DUBAI - Iran has been able to cope with Western economic sanctions and the central bank has supplied enough hard currency to finance imports even though the sanctions have cut Tehran's oil earnings, President Mahmoud Ahmadinejad said on Tuesday.
He was speaking after the Iranian rial plunged to a record low against the US dollar earlier in the day. It has lost about a third of its value in the past week, as panicking Iranians have scrambled to change their rial savings into hard currency to escape high inflation and further depreciation.
Iran's imports totaled $26 billion in the first half of this year, down only moderately from $29 billion in the same period last year, Ahmadinejad told a news conference.
"The central bank has provided all the currency for these imports," he said.
He said the country's enemies were waging a "psychological war" against it, adding: "Enemies have managed to reduce our oil sales but hopefully we will compensate for this."
Many businessmen and ordinary citizens in Iran blame the government for the currency crisis, and Ahmadinejad has been criticized for it by political enemies in parliament.
The rial has been depreciating for over a year and has lost about two-thirds of its value since June 2011. Its losses have accelerated in the past week after the government launched an "exchange center" to supply dollars to importers of some basic goods; businessmen have complained the center has failed to meet demand for dollars.
Ahmadinejad defended his economic record on Tuesday, saying a phase-out of food and fuel subsidies that he launched in 2010, which has boosted the official inflation rate to around 25 percent, had been successful.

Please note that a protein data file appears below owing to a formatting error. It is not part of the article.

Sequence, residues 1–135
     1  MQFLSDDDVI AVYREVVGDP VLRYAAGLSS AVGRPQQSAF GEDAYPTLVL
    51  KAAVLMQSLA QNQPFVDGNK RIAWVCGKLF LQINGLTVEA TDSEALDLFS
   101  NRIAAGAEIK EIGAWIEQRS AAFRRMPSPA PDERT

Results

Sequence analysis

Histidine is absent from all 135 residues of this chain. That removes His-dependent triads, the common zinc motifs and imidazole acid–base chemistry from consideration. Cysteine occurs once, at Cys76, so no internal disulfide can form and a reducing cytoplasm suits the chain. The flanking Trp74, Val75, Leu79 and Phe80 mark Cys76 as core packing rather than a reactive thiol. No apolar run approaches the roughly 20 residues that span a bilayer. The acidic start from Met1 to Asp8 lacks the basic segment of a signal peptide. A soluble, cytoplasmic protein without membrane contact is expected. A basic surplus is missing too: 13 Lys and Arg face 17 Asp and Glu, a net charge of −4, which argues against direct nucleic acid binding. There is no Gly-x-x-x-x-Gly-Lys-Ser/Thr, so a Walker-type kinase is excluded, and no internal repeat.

"What is the subsidy reform? We are taking from the pockets of those who consume more to give to those who consume less," he said.
Iran lawmaker: If talks fail, we will increase enrichment
Also Tuesday, an Iranian lawmaker said Iran would enrich uranium up to 60 percent purity if negotiations with major powers over its nuclear program fail, in comments that may add to Western alarm about Iranian intentions.
Mansour Haqiqatpour, deputy head of parliament's Foreign Policy and National Security Committee, said 60 percent enrichment would be to yield fuel for nuclear submarines, which often require uranium refined to high levels.
"In case our talks with the (six powers) fail to pay off, Iranian youth will master (the technology for) enrichment up to 60 percent to fuel submarines and ocean-going ships," Haqiqatpour said.
The powers should know that "if these talks continue into next year, Iran cannot guarantee it would keep its enrichment limited to 20 percent. This enrichment is likely to increase to 40 or 50 percent," he said.